Unauthorised encampments

An unauthorised encampment is where a person camps on land that they do not own, and where they do not have permission to reside. They might be in a van, trailer or any other moveable accommodation. This does not include rough sleeping or illegal camping in a tent or makeshift shelter.

People setting up unauthorised encampments will usually keep to themselves. In some situations – such as when they need to attend a wedding or a funeral or visit a hospital, or if they have broken down – the encampment might be closer to residential areas.

Read the government’s guidance about dealing with illegal and unauthorised encampments for a summary of available powers to tackle the formation of unauthorised encampments to help with the reclamation of land and property.

We can only take enforcement action when an unauthorised encampment is on public land in Cambridge owned by us.

Encampments on private land are the landowner’s responsibility, as is cleaning or securing the site. We advise you to seek legal advice.

Encampments on a highway or right of way are Cambridgeshire County Council’s responsibility.

Encampments on council-owned land

If you see an encampment on public land that you think is unauthorised, report it to us.

We are aware of an encampment on Coldham’s Common – you do not need to report it.

Report an unauthorised encampment on public land

We consider each case individually. We will visit each site and make every effort to make sure it is kept clean and tidy. We might provide refuse collection facilities or toilets for this purpose.

We cannot remove unauthorised encampments immediately – we must act according to national legislation and guidelines. We do this by:

  • showing that people are on the land without consent
  • making enquiries regarding the general health, welfare, and children's education by undertaking a welfare assessment
  • ensuring that the Human Rights Acts 1998 has been fully complied with and Equality Act 2010 (especially if an unauthorised encampment is set up by people of Gypsy, Roma, or Traveller heritage)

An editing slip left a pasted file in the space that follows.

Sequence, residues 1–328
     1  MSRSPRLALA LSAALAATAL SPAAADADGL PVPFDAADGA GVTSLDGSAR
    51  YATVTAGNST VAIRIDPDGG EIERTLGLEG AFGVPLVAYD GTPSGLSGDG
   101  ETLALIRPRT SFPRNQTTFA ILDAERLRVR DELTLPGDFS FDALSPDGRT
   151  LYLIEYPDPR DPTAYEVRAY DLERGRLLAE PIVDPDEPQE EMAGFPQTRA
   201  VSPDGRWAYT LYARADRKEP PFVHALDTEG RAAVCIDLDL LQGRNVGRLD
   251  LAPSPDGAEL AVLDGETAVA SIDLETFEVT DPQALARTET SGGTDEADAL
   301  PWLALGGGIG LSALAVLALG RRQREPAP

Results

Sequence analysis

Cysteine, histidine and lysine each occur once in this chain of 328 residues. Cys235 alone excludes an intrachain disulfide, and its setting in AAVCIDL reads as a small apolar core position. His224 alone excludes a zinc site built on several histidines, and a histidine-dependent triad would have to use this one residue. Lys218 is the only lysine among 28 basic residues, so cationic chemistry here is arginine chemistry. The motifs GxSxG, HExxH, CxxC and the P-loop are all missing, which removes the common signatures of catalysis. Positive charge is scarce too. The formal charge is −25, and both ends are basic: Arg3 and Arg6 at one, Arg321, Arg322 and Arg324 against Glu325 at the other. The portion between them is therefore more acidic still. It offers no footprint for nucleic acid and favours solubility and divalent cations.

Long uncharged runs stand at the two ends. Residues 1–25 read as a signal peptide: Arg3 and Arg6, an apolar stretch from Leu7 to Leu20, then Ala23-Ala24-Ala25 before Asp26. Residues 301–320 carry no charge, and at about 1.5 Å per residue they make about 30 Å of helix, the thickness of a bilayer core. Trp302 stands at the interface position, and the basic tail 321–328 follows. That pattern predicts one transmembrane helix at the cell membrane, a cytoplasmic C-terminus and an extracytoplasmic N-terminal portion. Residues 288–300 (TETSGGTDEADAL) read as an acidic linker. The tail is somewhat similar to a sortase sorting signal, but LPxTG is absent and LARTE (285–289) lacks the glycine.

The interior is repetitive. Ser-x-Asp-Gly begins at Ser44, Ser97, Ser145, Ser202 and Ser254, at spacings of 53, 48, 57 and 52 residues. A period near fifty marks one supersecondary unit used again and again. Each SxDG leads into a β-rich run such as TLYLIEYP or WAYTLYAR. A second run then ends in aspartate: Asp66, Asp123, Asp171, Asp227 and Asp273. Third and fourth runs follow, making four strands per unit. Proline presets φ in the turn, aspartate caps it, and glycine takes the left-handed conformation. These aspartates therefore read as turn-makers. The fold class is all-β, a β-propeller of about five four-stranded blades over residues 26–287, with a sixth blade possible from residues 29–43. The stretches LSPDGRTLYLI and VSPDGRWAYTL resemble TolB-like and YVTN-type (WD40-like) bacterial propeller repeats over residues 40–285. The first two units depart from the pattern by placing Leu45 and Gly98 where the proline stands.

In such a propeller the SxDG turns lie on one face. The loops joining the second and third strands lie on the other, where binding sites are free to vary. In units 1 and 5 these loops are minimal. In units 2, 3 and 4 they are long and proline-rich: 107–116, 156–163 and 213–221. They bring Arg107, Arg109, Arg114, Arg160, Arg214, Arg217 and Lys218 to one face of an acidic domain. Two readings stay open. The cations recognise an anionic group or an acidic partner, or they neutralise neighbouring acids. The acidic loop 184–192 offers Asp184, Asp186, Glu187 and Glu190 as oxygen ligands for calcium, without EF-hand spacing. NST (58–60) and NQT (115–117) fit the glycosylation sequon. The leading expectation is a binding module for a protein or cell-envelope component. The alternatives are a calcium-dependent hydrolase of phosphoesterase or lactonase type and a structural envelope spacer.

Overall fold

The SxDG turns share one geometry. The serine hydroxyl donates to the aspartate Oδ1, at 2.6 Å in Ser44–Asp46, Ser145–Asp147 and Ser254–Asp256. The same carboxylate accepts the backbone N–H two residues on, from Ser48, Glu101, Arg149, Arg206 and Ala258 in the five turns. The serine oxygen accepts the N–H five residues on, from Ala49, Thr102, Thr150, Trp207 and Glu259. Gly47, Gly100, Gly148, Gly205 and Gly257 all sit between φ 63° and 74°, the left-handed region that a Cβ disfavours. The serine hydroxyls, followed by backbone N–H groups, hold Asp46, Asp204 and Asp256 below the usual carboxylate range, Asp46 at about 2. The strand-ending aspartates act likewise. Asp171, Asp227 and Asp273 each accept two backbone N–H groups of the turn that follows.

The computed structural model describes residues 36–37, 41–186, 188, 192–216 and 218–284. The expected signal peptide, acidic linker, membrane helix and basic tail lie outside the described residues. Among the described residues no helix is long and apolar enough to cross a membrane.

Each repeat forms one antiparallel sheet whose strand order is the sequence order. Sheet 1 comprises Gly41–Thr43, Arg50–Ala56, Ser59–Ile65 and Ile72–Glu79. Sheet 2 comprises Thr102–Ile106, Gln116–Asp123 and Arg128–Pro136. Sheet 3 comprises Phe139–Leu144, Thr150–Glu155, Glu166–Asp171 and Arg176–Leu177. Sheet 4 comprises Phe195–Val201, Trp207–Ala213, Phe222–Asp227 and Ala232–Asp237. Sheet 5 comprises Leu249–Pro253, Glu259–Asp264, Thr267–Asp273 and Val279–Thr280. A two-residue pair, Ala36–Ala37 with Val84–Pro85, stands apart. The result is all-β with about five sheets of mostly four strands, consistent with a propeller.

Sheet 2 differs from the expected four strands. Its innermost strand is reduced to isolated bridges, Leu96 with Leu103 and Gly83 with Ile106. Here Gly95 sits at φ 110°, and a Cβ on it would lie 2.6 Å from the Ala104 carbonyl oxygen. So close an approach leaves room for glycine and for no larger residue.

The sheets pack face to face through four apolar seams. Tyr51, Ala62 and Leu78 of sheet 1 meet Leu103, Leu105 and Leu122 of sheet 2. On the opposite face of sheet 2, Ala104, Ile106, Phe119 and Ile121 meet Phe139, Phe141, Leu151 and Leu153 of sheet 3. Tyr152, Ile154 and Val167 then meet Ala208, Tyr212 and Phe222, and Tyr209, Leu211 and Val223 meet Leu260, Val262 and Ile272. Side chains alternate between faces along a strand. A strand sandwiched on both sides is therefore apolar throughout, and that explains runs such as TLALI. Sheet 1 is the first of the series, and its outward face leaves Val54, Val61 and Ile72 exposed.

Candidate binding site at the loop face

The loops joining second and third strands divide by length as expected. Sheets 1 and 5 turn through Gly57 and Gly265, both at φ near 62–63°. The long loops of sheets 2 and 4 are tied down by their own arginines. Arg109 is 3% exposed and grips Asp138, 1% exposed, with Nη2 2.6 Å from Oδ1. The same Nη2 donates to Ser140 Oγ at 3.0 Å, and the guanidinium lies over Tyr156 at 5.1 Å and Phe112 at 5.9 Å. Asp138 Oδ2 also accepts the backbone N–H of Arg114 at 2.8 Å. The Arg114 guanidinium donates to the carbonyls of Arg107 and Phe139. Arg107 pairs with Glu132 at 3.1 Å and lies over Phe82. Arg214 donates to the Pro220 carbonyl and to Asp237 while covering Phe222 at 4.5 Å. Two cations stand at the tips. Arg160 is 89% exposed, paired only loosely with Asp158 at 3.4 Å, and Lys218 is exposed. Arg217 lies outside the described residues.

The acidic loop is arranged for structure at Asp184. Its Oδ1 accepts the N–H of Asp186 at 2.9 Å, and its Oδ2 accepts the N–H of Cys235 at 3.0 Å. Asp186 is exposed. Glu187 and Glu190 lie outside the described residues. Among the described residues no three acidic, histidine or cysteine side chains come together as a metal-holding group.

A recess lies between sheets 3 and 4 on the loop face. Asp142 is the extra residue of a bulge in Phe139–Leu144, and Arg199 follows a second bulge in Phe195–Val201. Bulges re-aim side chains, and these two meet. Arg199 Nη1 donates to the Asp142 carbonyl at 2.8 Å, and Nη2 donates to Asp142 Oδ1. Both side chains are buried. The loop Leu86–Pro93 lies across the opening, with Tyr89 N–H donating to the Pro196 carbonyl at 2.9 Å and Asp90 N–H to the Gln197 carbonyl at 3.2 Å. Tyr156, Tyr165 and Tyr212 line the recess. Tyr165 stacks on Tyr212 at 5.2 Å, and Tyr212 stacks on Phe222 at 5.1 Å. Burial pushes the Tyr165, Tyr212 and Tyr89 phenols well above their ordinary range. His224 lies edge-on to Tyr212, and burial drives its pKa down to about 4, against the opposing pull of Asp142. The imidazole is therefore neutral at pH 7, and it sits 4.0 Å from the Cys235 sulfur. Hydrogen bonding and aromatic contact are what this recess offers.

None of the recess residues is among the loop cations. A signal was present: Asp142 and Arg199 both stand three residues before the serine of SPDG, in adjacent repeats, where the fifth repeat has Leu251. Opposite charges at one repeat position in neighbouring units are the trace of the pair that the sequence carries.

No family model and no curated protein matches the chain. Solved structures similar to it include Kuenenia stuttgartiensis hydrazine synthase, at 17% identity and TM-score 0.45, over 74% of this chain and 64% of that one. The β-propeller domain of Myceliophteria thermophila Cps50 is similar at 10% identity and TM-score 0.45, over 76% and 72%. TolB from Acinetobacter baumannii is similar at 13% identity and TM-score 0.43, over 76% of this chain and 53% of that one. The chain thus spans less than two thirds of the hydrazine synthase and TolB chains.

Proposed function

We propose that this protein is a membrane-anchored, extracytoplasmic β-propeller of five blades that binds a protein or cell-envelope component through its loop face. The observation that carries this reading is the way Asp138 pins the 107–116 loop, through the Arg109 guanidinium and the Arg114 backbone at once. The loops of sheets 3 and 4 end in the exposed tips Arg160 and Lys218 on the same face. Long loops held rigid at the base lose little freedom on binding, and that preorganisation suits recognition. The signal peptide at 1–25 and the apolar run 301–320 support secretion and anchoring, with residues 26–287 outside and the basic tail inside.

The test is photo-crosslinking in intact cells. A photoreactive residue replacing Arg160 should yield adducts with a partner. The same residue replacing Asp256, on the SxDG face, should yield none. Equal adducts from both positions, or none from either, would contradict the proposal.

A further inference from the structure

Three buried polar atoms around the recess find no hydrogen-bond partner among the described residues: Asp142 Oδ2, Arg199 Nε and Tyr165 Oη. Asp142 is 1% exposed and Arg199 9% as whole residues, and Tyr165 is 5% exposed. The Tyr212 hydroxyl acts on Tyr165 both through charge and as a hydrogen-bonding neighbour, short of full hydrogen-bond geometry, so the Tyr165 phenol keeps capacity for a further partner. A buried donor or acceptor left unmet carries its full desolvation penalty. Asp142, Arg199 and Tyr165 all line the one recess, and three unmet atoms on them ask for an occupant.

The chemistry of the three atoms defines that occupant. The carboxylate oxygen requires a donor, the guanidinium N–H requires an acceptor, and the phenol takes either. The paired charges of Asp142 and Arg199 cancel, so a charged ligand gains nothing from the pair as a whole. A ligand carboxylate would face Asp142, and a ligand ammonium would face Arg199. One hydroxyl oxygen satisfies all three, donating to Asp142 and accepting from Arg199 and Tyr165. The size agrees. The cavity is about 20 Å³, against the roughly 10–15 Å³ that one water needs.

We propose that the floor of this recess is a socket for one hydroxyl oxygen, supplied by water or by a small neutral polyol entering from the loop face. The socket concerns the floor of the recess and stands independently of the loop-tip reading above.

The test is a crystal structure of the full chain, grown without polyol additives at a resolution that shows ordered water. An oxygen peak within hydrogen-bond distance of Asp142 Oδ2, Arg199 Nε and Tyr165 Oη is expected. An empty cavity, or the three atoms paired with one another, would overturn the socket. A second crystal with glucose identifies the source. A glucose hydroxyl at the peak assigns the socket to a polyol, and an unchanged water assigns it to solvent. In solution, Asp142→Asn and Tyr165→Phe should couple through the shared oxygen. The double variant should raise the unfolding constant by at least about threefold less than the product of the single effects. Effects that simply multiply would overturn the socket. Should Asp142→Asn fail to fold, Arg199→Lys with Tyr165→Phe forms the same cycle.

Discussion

We consider criteria such as:

  • health and safety considerations for the occupiers
  • traffic hazards
  • public health risks
  • serious environmental damage
  • genuine nuisance to the settled community and proximity to other sensitive land-uses

Wherever possible, we seek to prevent occupiers of unauthorised encampments from being established in an unacceptable location.

We have a procedure to follow in terms of proving ownership of land and details of the unauthorised encampment. This enables us to successfully obtain the necessary authority from the court to order the people to leave the site.

The process to remove unauthorised encampments is bound by the legal process and usually takes anywhere from three to 14 days. The date of any court hearing is dependent on court availability, and is beyond our control.

The court can refuse to grant an order to move people on from an unauthorised encampment. This can happen if there is an unavoidable reason for people to stay on the unauthorised encampment, or if the court believes we have failed to make adequate enquiries regarding the general health and welfare of people on the site. We must try to find out this information before going to court.

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